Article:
It’s all thanks to the 296 GTB’s hybrid architecture. When the engine reaches its maximum power level, the electric motor assists to generate more power that can be transferred to the ground though the car’s standard Michelin Pilot Sport 4S tyres (Cup 2 R if you choose the Assetto Fiorano package).

At low revs the electric motor effectively cancels any turbo lag effect – completely and utterly as per our test drive proved categorically – and from anywhere in the entire rev range.

As on the stratospherically-priced SF90 Stradale, there are two selectors on the steering wheel. The Manettino switch for dynamics and the eManettino for hybrid management across four distinct modes; eDrive, Hybrid, Performance and Qualify.

eDrive enables full electric drive with the engine switched off. In Hybrid drive, electric and hybrid drive are mixed for maximum efficiency, while in Performance mode the car is able to sustain repeated lap performance in track and road use.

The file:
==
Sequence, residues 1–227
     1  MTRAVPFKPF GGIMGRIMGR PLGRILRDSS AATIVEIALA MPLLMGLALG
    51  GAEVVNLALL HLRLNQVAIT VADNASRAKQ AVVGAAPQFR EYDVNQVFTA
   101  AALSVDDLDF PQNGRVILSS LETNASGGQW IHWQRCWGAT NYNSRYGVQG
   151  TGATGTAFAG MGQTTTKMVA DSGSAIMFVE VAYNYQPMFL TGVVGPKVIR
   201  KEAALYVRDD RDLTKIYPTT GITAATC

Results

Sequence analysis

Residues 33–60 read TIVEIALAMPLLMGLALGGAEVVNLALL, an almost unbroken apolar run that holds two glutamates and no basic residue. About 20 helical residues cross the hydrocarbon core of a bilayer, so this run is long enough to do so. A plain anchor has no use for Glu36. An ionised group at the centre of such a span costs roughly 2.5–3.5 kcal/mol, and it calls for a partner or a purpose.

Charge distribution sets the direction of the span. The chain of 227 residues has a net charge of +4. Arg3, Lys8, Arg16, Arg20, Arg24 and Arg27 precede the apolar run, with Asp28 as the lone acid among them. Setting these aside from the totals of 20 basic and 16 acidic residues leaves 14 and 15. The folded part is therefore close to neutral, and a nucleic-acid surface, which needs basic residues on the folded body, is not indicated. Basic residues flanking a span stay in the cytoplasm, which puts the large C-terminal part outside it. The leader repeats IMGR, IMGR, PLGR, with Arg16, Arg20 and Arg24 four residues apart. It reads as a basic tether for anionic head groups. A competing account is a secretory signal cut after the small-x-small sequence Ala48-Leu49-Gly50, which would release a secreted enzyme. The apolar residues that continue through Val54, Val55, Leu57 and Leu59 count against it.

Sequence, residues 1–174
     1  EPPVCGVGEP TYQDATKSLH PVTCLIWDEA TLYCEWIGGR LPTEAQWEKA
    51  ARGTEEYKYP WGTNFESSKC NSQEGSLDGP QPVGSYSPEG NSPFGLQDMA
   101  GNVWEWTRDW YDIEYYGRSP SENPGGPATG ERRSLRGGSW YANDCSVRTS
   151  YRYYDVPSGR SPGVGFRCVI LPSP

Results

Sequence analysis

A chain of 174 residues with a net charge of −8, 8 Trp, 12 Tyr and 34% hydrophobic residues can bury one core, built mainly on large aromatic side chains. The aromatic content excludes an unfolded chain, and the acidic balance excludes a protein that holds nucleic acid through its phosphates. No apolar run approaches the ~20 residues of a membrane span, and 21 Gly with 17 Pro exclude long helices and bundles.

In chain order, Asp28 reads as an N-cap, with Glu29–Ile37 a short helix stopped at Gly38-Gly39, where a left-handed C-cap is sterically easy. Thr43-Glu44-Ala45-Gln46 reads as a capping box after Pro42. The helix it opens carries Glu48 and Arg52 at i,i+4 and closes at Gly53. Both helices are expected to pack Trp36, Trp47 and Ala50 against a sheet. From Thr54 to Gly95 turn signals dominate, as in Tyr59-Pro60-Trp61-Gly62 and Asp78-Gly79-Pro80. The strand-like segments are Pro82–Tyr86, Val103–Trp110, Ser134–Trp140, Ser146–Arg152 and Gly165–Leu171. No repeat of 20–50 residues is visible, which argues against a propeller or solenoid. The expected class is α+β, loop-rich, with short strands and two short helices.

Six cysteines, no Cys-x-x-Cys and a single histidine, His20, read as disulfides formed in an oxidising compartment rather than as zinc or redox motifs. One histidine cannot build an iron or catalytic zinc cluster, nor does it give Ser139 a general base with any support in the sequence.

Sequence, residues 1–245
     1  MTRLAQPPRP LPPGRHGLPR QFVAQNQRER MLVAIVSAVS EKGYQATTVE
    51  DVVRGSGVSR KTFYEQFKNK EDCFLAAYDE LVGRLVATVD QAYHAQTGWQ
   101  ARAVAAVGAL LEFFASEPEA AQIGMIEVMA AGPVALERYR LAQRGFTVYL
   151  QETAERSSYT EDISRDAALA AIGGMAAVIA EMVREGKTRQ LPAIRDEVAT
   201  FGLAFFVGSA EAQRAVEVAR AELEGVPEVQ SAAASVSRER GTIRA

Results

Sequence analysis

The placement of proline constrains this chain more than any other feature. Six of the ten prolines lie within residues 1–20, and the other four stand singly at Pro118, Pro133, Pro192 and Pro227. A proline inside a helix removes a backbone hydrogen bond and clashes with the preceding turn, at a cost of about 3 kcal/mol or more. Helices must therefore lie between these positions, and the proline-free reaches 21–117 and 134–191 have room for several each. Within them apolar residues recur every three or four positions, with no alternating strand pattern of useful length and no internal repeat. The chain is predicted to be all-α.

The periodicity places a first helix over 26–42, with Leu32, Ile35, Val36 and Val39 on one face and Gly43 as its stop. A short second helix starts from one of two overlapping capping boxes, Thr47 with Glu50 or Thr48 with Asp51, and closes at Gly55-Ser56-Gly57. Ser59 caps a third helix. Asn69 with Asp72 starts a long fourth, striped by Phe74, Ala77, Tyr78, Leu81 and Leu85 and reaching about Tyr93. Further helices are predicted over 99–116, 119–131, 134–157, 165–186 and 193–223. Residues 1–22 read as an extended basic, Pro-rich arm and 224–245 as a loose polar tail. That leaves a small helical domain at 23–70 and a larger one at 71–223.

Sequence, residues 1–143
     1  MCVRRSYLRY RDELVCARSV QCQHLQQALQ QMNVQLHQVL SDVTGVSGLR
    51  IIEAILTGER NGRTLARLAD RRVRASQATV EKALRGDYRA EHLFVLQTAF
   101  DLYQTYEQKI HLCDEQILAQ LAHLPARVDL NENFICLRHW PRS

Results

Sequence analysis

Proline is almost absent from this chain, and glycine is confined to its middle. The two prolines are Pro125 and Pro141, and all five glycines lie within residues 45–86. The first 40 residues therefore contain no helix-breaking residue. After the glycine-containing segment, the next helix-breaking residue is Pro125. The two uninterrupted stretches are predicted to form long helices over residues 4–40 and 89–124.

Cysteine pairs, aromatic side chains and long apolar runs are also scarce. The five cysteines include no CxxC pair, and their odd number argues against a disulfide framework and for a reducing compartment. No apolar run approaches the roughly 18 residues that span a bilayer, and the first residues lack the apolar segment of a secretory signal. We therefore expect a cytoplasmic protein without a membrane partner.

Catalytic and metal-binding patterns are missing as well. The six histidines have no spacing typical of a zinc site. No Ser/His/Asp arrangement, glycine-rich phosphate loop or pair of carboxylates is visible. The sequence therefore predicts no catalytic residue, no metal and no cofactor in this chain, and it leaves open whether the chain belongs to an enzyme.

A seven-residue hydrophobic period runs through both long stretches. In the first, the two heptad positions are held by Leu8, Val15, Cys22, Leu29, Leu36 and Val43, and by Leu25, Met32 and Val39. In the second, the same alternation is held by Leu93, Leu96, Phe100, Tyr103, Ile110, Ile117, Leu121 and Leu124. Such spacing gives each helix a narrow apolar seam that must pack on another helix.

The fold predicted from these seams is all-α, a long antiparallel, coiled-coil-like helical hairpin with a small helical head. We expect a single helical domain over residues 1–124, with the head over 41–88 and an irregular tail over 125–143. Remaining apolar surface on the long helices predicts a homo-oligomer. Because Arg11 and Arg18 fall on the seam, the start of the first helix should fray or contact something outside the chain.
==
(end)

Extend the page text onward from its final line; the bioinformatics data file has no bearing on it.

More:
Switching to Qualify mode unleashes all-out performance over a single lap but with minimal regeneration. It also presents a significantly higher level of acceleration than other modes and reduces response times by 15 per cent.

The car’s cat-like agility and instantaneous responses are down to myriad engineering calculations and ingenuity including the short wheelbase and dynamic controls fitted to the car.

It’s the compactness of the 296 GTB with a wheelbase of just 2600mm, 50mm less than the F8 Tributo, which makes for ‘unprecedented agility’ according to Ferrari.

The new brake-by-wire system is backed up by Ferrari’s ABS-Evo technology which reduces pedal travel to the absolute minimum, without impairing pedal feel or stopping power at the limit. The result is a reduction of the stopping distance from 200-0km/h to just 107 metres – an 8.8 per cent improvement, and 24 per cent better repeat braking efficiency from the same speed.